BEIJING, Oct. 14 (UPI) -- Consumer prices in China rose at a faster pace in September compared to August, partly the result of a typhoon that ripped through an agricultural region.
The annual inflation rate of 3.1 percent for September is one tick above the central bank's guideline rate for bank deposits, The Wall Street Journal reported Monday.
Consumer inflation is significantly higher than the 2.6 percent rate in August, party due to rising food prices that were the result of typhoon Usagi that hit southern China in September.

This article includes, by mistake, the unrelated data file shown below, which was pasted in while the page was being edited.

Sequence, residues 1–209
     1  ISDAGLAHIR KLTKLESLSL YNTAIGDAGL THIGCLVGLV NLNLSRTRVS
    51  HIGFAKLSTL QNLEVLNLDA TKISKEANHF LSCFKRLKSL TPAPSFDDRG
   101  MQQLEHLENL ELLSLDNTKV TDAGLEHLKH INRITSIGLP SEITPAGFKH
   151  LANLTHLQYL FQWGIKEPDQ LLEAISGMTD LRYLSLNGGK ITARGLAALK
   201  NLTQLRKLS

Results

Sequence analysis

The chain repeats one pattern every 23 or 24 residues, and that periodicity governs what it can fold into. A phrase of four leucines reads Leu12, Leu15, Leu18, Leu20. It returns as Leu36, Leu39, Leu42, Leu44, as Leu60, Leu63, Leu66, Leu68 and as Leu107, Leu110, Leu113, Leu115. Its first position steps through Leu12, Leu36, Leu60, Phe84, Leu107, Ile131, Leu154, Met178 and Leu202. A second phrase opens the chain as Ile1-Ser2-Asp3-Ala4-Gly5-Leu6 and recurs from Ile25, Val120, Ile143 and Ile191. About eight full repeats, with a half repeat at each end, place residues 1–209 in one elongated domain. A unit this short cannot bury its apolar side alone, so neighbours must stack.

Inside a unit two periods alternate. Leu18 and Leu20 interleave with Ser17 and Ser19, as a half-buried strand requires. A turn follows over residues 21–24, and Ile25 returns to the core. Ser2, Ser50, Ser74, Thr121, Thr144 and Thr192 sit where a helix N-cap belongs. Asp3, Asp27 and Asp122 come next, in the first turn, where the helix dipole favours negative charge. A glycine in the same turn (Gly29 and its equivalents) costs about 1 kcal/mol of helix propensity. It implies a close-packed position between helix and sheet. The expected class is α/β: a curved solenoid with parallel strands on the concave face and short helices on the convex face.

Food price inflation for September reached 6.1 percent at an annual rate. Inflation was over 18 percent for fresh vegetables, the National Bureau of Statistics reported.
JPMorgan Chase economist Zhu Haibin said the new rate was "psychologically ... sensitive." However, "I don't think it will trigger any changes in monetary policy," Zhu said.
Economic growth has been relatively weak for China with the gross domestic product rising 7.7 percent in the first quarter and 7.5 percent in the second quarter.
Deputy central bank governor, Yi Gang said last week the economy was likely to expand faster than the 7.5 percent rate the government has set as a target for 2013.